Karen Eckmeier, was the speaker today at the Bayberry Quilt Guild meeting. She has won big awards for her work at the annual Houston Quilt show. As she talked it would seem her work is simple and easy for anyone to do -- I don't think so. When I went up at intermission to look at the pieces she had brought along they are majorly complicated. She says she just plays with fabric ad builds her tiny towns easily -- with roofs, houses an windows. Hardly "just". These are highly complex constructions, arranged with a great design sense and a wonderful eye for color. They are balanced, whimsical, extremely detailed and breath taking when one is standing close to them.
Besides her tiny towns she talked about her landscapes -- which are, indeed small quilts. They are comprehensible to me, I can see how she does them and I can see the appeal of "accidental" landscapes, not knowing at the outset just what kinds of curves and lines you are going to cut -- but first you arrive at your work table with a selection of fabrics that will work well together and you experiment for a few years to get the sense of just what kinds of curving lines will work.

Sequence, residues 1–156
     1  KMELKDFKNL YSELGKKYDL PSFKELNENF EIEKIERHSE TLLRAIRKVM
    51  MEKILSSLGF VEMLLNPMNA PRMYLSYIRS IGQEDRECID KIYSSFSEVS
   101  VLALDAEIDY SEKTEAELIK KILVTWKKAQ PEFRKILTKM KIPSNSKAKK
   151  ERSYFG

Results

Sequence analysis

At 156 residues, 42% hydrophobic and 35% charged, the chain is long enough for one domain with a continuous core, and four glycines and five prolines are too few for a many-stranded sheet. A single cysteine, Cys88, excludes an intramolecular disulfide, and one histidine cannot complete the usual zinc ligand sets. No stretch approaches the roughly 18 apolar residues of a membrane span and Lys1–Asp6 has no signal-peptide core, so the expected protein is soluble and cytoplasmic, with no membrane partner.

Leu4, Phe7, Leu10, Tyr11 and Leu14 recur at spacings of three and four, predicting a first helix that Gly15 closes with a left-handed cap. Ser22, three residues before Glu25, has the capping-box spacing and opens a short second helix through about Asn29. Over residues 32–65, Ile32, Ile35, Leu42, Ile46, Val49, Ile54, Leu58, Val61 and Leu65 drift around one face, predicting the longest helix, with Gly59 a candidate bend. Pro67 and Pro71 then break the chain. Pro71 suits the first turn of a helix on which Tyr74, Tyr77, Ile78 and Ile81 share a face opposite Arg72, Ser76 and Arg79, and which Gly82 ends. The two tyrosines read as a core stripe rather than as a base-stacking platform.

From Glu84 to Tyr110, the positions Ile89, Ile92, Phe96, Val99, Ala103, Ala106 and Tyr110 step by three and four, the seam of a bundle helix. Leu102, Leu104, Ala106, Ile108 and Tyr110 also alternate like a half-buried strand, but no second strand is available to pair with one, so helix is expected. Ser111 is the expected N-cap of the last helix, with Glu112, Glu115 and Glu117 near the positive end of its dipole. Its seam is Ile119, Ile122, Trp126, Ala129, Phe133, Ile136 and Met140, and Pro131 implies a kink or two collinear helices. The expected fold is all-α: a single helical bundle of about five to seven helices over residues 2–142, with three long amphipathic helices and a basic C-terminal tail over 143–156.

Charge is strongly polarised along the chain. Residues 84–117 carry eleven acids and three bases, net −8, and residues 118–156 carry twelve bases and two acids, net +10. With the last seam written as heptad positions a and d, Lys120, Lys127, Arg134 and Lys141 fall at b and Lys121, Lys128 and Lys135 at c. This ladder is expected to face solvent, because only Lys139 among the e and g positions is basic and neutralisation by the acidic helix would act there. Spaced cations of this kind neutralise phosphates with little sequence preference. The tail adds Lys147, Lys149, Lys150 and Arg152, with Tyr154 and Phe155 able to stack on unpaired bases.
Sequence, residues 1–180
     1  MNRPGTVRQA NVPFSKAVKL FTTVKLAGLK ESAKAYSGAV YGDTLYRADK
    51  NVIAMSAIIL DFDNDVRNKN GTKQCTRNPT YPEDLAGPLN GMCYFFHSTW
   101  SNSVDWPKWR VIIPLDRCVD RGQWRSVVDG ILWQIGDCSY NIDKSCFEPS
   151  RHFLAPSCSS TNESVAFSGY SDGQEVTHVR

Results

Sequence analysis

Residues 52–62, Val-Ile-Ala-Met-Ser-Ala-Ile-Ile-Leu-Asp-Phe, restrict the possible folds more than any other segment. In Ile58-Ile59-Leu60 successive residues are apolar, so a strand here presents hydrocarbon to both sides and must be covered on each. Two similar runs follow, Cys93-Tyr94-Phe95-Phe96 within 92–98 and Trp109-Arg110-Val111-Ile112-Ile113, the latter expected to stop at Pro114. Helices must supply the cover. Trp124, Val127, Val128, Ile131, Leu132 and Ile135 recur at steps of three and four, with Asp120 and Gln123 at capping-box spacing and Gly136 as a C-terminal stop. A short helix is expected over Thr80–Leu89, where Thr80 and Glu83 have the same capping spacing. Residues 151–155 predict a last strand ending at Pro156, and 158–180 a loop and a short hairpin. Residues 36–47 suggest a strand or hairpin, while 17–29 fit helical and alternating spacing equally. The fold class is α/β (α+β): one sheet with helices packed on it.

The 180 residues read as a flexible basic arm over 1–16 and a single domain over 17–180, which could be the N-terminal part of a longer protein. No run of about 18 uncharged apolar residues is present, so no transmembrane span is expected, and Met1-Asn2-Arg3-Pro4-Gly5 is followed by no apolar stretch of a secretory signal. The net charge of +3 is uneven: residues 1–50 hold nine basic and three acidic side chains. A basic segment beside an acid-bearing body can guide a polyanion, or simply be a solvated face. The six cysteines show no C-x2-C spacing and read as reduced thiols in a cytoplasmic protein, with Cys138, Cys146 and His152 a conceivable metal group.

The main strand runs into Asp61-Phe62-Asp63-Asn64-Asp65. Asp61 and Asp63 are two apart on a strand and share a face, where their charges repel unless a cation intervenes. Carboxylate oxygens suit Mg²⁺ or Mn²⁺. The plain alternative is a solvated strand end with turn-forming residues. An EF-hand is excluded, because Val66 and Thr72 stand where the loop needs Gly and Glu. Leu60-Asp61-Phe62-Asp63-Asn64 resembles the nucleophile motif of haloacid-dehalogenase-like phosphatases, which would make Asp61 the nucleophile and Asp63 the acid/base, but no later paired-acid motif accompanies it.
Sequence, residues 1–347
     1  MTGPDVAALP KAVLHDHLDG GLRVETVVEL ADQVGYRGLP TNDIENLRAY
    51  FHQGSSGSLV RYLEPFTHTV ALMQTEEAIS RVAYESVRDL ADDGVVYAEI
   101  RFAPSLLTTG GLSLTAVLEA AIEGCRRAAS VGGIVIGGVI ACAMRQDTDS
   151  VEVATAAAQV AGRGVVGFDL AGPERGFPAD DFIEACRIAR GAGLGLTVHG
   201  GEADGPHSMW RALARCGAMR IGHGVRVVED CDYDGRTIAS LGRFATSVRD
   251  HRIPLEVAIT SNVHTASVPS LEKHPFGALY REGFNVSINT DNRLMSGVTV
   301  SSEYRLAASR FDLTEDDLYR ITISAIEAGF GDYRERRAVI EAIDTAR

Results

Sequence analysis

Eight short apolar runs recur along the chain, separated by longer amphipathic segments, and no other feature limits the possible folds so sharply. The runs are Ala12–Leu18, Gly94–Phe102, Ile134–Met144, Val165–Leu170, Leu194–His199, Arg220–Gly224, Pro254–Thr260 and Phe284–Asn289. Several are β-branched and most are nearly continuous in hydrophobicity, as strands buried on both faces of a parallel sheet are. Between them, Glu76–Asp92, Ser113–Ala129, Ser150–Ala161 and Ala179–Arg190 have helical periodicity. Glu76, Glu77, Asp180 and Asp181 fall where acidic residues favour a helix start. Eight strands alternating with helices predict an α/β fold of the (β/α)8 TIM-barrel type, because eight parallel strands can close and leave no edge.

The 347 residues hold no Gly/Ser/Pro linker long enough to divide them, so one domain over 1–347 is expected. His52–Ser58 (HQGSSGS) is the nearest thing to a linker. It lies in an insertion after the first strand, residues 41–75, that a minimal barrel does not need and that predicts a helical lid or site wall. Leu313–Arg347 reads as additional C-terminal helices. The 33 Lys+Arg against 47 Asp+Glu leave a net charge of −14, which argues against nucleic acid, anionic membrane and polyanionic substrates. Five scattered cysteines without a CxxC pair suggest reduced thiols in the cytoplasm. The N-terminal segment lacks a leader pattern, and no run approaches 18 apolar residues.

Her work is fascinating and I can well understand why it was award prizes. Her talk did not at all convince me this is something I want to try.
The guild's theme for next summer's show will be "scrap quilts". Delightfully during the show and tell period at the meeting 80% of the quilts shown were scrap quilts --- not because of the theme but because that's what the women happened to make. Many were stunning. I think the next guild show will be a delight -- the more so since I like scrap quilts more than any other kind of quilts.
The mid-70s are a surprise! Part of me remains in the 50s -- age, I mean, not decade of 20th century. It's a joy ride, new experiences land in my lap and I've become a better quilter, poet, writer than I expected. It's a rich life for a person never rich financially. Hey, this is what the mid-70s are like!